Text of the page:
However, what studios and theater chains are more open-minded to is the idea of a monthly movie ticket subscription service for the latter’s patrons.
They just don’t want any third-party players butting in on their turf.
“Whatever MoviePass is doing, can be accomplished without them,” declares a big chain executive.
At the same time, the industry can thank MoviePass for changing the way they think. For quite some time, studios have been trying to figure out a way to attract more millennials to the box office in a mobile-streaming era, and the key to unlocking this demographic may lie in more theater chains offering monthly movie ticket subscription programs whereby a one-price-fits-all monthly cost yields several visits a month to the multiplex.
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Unlike last year’s conversation about premium video-on-demand, a plan rebuked by exhibition but championed by the majors (except Disney) to bring movies into the home shortly after theatrical release, both sides are more open-minded when it comes to hammering a monthly movie ticket plan.
PVOD brought plenty of baggage with it, chiefly that such a plan would capsize what has been a lucrative box office business with the last three years annually grossing $11 billion-plus. There was also a debate over whether to cut exhibition in on PVOD revenues (for any of their losses at the box office), and if so, how to divvy up such monies. At the start of the year, leading exhibitor AMC said the convo for PVOD was dead.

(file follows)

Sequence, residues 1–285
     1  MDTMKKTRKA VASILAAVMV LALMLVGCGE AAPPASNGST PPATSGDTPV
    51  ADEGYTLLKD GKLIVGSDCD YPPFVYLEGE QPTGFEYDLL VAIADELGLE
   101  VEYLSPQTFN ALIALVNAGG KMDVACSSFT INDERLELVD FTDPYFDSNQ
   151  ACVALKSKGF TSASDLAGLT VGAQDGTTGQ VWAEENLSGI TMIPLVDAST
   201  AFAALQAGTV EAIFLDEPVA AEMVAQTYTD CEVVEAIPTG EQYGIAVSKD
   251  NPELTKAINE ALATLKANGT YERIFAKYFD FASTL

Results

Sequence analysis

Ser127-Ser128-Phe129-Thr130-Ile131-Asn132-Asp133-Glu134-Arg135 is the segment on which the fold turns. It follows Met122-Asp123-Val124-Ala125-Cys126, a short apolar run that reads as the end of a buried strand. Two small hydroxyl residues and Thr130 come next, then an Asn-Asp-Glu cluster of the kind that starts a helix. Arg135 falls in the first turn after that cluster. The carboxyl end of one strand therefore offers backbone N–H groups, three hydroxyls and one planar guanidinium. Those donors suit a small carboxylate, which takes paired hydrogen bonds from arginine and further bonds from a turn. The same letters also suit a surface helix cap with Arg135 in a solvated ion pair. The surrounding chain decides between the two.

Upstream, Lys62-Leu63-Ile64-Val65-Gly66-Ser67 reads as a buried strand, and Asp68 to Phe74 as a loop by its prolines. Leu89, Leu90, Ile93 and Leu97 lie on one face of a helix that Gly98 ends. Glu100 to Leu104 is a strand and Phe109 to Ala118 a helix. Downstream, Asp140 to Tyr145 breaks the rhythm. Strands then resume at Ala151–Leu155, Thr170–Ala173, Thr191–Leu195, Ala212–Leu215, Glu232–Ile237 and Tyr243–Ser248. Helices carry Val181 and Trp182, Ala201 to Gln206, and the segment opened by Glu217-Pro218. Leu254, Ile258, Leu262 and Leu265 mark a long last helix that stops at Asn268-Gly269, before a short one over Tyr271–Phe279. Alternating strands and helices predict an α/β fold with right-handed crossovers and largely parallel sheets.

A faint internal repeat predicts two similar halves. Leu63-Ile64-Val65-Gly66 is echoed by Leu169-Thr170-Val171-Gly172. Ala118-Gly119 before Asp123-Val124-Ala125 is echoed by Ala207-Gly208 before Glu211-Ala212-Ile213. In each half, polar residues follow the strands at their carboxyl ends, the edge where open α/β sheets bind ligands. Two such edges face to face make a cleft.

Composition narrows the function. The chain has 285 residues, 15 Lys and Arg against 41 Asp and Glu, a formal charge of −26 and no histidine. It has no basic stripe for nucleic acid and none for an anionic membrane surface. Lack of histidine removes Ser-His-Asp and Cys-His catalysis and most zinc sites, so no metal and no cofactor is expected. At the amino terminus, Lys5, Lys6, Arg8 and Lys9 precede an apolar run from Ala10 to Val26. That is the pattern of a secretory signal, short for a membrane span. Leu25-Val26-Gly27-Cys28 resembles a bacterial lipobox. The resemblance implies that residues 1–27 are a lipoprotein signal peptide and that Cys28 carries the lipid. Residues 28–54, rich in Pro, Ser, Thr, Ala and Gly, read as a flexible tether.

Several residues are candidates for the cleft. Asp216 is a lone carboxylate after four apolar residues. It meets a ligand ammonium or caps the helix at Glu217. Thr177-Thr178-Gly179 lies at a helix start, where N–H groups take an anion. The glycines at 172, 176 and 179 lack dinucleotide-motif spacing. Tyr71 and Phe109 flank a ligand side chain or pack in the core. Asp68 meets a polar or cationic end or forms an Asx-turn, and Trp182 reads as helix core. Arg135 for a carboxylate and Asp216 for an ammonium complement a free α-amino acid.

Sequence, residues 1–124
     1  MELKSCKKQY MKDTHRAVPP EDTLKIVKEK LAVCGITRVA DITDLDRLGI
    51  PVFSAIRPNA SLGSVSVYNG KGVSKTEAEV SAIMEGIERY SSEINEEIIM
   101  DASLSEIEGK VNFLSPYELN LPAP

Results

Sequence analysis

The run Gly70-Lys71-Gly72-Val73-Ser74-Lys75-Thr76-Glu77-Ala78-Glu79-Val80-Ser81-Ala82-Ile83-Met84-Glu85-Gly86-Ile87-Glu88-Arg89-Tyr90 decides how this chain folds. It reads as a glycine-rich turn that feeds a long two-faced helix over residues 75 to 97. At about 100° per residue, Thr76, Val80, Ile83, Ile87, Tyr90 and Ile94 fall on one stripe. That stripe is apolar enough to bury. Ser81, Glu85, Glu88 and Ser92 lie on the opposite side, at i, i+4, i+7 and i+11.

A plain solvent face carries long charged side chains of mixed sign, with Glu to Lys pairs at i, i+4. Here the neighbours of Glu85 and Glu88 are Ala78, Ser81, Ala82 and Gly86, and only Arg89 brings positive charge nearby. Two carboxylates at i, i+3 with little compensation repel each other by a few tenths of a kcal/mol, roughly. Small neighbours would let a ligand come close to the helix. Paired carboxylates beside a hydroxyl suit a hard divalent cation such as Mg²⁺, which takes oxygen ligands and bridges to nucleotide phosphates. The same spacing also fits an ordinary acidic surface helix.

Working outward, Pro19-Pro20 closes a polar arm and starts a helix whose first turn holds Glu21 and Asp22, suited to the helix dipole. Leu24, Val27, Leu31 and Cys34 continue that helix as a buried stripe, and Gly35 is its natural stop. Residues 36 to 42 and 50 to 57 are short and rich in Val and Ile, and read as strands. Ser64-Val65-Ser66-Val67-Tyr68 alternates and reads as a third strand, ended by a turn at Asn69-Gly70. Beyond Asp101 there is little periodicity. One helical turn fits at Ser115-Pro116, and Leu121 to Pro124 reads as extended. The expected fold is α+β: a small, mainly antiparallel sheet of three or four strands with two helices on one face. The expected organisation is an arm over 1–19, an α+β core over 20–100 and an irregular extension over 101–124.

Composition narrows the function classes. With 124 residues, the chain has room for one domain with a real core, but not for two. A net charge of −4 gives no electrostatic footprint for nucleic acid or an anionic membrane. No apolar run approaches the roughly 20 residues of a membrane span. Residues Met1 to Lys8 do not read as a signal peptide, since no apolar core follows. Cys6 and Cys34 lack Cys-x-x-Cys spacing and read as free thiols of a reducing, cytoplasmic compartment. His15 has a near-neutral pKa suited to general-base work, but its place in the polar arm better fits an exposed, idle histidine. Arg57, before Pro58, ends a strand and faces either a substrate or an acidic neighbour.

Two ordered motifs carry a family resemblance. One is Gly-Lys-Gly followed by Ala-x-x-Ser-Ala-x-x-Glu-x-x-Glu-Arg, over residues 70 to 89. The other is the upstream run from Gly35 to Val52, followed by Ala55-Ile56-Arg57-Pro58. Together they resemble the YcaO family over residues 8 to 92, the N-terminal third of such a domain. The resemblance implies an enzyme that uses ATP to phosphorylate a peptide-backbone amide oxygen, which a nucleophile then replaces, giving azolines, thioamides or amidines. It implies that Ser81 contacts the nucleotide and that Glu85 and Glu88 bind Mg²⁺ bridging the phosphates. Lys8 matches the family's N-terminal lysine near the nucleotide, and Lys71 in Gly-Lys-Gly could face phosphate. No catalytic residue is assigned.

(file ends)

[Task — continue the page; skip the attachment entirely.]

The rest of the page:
But when it comes to the idea of a monthly movie ticket plan, there’s arguably fewer irritable terms to work out between studios and theater chains. Our sources say that by having a third party between the two would force each side to give up a portion of their box office returns.
The movie business in the 1980s and 1990s was built on the backs of the under 25 demo, however in the millennium they’ve only shown to come out in numbers for event films. A monthly subscription ticket service offered by an exhibitor would hopefully change this, and cater to the demographic’s price sensitive needs. In addition, movie theaters could feasibly offer 3D or PLF tickets in their subscription plans, options which MoviePass has yet to enable on their mobile app, and extras which young moviegoers shell out for when they watch Marvel superhero movies and Star Wars films. “This precludes MoviePass as being a ticket service for big night movies,” says one exhibition insider.
“Millennials love to plan what they want to do,” adds the same source regarding MoviePass’ limitation to sell tickets within minutes and yards of a movie theater, “Millennials want to do an activity when they want to do it, not to it when someone tells them they have to do it.”